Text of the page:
Association Between the IRF5 rs2004640 Functional Polymorphism and Systemic Sclerosis

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There is now growing evidence that connective tissue diseases, including systemic sclerosis (SSc), share a common genetic background. Microarray studies support a pivotal role of type I interferon (IFN) in the pathophysiology of connective tissue diseases. Interferon regulatory factors coordinate the expression of type I IFNs, and theIRF5gene has been identified as a susceptibility gene of systemic lupus and Sjögren's syndrome. The aim of this study was to determine whether theIRF5rs2004640 single-nucleotide polymorphism is associated with SSc.


TheIRF5rs2004640 (GT) functional polymorphism was genotyped in 1,641 subjects of French European Caucasian origin: a discovery set comprising 427 patients with SSc and 380 control subjects and a replication set comprising 454 patients with SSc and 380 control subjects.


In both the discovery set and the replication set, the TT genotype was significantly more common in patients with SSc than in control subjects, with an odds ratio (OR) for the combined populations of 1.58 (95% confidence interval [95% CI] 1.18–2.11 [Pfor trend 0.002]). Analyses of the whole SSc population showed a significant association between homozygosity for the T allele and the presence of antinuclear antibodies (correctedP[Pcorr] = 0.04, OR 1.59, 95% CI 1.16–2.17) and fibrosing alveolitis (Pcorr = 0.001, OR 2.07, 95% CI 1.38–3.11). In a multivariate analysis model including the diffuse cutaneous subtype of SSc and positivity for anti–topoisomerase I antibodies, theIRF5rs2004640 TT genotype remained associated with fibrosing alveolitis (P= 0.029, OR 1.92, 95% CI 1.07–3.44).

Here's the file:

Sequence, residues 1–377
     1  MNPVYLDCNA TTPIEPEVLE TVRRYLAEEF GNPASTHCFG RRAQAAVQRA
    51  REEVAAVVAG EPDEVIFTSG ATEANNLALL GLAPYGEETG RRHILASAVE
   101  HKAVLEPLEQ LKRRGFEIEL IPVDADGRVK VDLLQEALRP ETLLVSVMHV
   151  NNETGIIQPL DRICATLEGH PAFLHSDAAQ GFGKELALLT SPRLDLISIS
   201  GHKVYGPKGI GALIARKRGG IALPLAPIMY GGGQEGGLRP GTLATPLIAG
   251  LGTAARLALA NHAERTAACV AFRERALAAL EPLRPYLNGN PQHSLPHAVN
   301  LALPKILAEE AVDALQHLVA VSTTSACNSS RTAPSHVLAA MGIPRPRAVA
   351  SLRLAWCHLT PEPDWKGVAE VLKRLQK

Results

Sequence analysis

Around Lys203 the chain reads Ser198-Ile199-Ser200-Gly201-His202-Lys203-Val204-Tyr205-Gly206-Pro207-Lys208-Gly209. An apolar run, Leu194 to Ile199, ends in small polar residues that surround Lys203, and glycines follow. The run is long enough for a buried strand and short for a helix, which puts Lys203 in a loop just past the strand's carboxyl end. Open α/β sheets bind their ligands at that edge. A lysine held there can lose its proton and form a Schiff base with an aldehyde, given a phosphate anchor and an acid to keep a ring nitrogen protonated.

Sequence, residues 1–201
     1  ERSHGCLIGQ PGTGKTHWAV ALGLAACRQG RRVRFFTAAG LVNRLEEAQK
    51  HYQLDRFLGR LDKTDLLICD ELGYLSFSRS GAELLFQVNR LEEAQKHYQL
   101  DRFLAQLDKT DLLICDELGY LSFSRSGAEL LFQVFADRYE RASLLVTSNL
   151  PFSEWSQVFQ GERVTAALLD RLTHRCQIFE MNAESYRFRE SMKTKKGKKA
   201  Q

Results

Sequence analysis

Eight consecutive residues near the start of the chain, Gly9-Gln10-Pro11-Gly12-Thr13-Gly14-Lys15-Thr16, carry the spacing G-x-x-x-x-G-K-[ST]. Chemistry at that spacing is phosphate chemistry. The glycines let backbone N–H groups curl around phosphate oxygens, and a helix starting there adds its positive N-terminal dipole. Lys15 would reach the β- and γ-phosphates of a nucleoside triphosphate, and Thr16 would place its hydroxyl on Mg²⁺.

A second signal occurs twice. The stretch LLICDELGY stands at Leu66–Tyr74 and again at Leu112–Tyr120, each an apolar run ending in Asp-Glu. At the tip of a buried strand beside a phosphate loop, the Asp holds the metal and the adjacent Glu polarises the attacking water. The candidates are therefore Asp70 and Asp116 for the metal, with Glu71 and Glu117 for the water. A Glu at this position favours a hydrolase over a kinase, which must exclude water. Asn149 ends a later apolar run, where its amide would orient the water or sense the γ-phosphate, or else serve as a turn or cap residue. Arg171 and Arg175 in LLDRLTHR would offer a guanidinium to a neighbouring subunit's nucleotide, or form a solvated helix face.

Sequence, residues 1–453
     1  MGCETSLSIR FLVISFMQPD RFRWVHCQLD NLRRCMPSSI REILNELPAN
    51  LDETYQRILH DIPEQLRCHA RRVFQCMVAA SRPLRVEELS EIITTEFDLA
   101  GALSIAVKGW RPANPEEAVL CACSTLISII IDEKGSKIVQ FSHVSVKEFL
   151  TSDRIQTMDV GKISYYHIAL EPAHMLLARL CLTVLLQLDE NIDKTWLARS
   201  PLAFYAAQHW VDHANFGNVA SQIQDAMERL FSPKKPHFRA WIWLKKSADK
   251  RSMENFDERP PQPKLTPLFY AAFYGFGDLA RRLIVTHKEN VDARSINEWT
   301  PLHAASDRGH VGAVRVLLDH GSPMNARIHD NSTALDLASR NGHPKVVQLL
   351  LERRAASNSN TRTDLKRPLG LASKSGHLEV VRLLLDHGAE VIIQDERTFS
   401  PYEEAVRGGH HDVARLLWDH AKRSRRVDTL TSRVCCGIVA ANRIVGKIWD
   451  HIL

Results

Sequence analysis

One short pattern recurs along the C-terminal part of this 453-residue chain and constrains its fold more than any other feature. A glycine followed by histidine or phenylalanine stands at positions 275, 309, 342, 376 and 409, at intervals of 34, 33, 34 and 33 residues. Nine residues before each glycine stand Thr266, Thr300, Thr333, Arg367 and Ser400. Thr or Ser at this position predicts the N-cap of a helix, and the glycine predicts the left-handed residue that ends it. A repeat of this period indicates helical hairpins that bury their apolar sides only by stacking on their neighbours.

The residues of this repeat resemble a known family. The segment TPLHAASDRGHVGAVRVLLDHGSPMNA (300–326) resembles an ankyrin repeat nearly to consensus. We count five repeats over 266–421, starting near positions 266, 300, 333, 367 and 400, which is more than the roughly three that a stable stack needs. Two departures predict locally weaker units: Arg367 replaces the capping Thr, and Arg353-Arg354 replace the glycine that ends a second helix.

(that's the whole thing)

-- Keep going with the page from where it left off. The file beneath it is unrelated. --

TheIRF5rs2004640 GT substitution is associated with susceptibility to SSc. These data provide new insight into the pathogenesis of SSc, including clues to the mechanisms leading to fibrosing alveolitis.

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